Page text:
Wa-Hi renovation will make school safer

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I urge my fellow citizens to consider improved safety of our students as a major feature of the proposed Walla Walla High School renovation. The physical design of the campus can greatly impact the ability of both staff and students to react during an emergency.

No one likes to make decisions from a place of fear, but recent violent events in both Connecticut and California have made me mindful of how we can best support the professionals we ask not only to instruct our students but to keep them safe.

The redesign of Wa-Hi introduces internal hallways to buildings and internal doors to classrooms, replacing buildings that are accessed externally from approximately 120 separate entrances. In current plans, that number will be cut to approximately 20 or fewer external doors.

These changes will allow for improved control and monitoring of student movement, while still preserving students’ interaction with the natural setting of the campus with its picturesque creek and bridges.

When I entrust my greatest treasure to a staff who are trained and ready to keep them safe in unforeseen and unimaginable circumstances, these features will provide an extra measure of security and perhaps buy time that is beyond value.

Our children and their educational guardians deserve our support — for safety and for an improved educational experience. Join me in voting “yes” on the Wa-Hi bond.

Megan Blair-Cabasco

Walla Walla

Comments

fatherof5 1 year, 10 months ago

Good points, Ms. Blair-Cabasco!

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namvet60 1 year, 10 months ago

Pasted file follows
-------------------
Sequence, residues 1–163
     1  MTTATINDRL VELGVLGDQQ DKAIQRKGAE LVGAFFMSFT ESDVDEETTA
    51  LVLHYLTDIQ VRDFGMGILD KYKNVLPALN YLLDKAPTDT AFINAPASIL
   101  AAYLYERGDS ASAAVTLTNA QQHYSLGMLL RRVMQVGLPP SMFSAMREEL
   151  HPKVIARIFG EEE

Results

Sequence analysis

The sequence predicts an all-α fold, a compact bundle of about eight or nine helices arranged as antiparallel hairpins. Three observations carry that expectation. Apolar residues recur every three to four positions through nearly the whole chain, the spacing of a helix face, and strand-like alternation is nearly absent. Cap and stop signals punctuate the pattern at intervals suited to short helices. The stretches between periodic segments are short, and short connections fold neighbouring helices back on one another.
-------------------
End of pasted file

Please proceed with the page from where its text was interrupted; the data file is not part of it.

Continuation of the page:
WOW - learning while in fear - the only thing those students fear is people such as this letter writer.

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fatherof5 1 year, 10 months ago

I bet that sounded good in your head, namvet, before you wrote it.

Ms. Blair-Cabasco has made a good argument about safety. You might not want to pay for the bond, but that doesn't negate the validity of her point.

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namvet60 1 year, 10 months ago

The point is taken but do you live your life in fear of what could happen - if you do you don't walk out your front door!!! Preparing for my security is being able to protect myself and if you are so worried hire armed security and you have no worries. Sandy Hook had a secure school and look what happened and in a gun free zone. I don't live on what might happen but being careful deal with it when it does happen.

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fatherof5 1 year, 10 months ago

She isn't suggesting not to go to school out of fear, but that the school will be easier to secure in the event of a lockdown for whatever reason. Wa-Hi has an armed police officer already, who does an excellent job. It is a big campus, though. Colombine HS also had an armed security officer. Events like that are extraordinarily rare, and I honestly lose no sleep worrying about that here. Nonetheless, it would still be good for the administration to be able to more easily secure the buildings.